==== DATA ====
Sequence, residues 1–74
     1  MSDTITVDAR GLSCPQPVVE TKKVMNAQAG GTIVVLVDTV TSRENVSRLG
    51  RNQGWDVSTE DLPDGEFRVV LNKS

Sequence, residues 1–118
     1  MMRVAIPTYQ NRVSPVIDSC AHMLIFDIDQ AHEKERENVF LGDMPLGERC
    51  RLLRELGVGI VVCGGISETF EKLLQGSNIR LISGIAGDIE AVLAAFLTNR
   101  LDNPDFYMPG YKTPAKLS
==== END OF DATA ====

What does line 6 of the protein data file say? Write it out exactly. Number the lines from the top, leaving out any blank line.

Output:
    51  RLLRELGVGI VVCGGISETF EKLLQGSNIR LISGIAGDIE AVLAAFLTNR